Gaillardia - Blanket Flower
Gaillardia (Blanket flower) is a genus of drought-tolerant annual and perennial plants from the sunflower family (Asteraceae), native to North America. It was named after M. Gaillard de Charentonneau, an 18th-century French magistrate who was a patron of botany. The common name refers to the inflorescence's resemblance to brightly patterned blankets made by native Americans.
These plants form wiry, branched stems with lanceolate to linear basal leaves. The plant grows to 1 1/2 to 2 ft (45 - 60 cm) tall, with bright daisy-like single color and bi-color blooms in shades from buff to red to brown. The flowers bloom in the summer. There are more than two dozen known species of Gaillardia.
They will grow under very harsh and dry conditions, forming mounds, 8 - 18 inches (20 - 45 cm) high, and will even bloom in sand along a seashore.
Gaillardia aristata is a species of flowering plant in the sunflower family known by the common names common blanketflower and common gaillardia. This wildflower is native to much of northern and western North America, where it grows in many habitats. It is also a widely cultivated garden flower. This is a perennial herb reaching maximum heights of anywhere between 20 and 70 centimeters. It has lance-shaped leaves near the base and several erect, naked stems holding the flowers. Each flower head has a center of brownish or reddish purple disc florets and a fringe of ray florets which are about one to three centimeters long and yellow to reddish with dark bases. The fruit is a stout, hairy achene which may be over a centimeter long including the long, spiky pappus.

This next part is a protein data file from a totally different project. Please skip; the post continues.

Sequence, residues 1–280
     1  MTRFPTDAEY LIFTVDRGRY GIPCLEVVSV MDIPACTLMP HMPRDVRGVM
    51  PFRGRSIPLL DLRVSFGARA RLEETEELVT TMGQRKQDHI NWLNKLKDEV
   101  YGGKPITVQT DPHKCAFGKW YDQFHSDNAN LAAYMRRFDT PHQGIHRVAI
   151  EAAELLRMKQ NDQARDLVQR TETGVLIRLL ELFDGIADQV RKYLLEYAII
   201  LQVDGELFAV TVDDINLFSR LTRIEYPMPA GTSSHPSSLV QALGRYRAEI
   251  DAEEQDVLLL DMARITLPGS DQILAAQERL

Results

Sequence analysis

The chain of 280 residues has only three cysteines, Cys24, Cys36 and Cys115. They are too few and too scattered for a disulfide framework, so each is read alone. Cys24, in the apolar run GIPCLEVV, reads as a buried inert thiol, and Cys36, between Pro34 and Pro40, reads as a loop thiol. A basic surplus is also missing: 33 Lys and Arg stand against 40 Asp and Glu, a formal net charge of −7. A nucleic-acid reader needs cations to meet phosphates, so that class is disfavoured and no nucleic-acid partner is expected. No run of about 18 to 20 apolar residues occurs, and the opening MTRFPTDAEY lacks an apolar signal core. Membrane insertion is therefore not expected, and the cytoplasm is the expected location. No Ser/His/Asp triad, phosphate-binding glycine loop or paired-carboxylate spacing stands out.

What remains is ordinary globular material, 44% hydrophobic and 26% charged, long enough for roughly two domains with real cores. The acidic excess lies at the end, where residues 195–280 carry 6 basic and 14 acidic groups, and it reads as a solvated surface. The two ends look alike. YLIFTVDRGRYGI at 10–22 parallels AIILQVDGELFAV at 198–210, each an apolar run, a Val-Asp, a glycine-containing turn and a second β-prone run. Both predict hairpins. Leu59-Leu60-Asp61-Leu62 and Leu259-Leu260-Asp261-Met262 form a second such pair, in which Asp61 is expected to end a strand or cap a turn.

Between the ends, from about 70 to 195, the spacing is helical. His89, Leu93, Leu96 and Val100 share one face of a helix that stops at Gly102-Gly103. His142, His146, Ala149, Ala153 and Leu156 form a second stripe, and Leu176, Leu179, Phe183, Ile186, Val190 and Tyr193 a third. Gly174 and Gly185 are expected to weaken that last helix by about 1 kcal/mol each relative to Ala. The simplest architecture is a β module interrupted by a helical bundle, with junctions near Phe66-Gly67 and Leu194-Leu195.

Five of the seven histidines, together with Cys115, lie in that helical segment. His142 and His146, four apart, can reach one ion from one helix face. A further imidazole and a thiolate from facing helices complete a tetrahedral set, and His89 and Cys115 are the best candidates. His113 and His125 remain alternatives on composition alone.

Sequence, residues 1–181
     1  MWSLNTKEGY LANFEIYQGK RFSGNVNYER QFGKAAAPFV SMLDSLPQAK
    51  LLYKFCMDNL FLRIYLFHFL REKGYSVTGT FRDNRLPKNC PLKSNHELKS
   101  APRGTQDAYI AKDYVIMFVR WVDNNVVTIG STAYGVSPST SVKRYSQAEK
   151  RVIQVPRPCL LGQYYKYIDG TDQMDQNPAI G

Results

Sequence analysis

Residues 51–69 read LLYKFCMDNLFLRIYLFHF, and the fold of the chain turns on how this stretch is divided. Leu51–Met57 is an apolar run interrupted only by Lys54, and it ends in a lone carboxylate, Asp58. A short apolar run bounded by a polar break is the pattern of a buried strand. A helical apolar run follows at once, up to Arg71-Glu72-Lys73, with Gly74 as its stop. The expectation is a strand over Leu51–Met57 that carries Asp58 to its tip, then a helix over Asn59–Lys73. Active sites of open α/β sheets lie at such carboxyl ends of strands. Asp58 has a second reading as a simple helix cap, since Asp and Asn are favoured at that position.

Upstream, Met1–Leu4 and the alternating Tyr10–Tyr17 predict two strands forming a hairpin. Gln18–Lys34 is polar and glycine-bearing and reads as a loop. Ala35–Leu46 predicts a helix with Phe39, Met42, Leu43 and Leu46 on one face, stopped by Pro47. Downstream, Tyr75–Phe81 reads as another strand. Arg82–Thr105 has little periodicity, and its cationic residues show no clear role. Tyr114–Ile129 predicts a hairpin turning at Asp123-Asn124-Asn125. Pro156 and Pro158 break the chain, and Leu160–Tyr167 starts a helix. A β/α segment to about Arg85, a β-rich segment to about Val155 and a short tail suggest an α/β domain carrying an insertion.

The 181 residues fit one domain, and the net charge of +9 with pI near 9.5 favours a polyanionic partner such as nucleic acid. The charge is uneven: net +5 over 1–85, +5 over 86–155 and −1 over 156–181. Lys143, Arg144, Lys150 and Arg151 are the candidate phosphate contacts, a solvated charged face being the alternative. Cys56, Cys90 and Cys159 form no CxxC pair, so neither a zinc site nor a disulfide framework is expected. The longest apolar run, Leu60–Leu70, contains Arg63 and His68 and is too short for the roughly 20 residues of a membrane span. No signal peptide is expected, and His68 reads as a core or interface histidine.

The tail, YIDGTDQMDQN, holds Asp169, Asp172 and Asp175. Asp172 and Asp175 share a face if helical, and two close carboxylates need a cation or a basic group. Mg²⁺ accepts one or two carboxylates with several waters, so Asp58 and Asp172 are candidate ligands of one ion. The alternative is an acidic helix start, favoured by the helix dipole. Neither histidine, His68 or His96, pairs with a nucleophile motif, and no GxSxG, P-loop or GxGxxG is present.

Gaillardia pulchella (Firewheel, Indian blanket, Indian Blanketflower, or Sundance), is a short-lived annual flowering plant native to the central United States.
It is a hardy plant, not picky about soil, though sandy and well-drained are best. It has a high drought tolerance and does best with a dry, hot climate in full sun. Its vibrant colored flowers can be seen carpeting fields and the sides of highways for miles in the summer to late fall. In the garden, the flowers can be removed/deadheaded to promote further blooming.
This flower thrives in much of central United States, all the way from northern Mexico to southern Canada. It is the state wildflower of Oklahoma.
Gaillardia Aristata - Common Gaillardia
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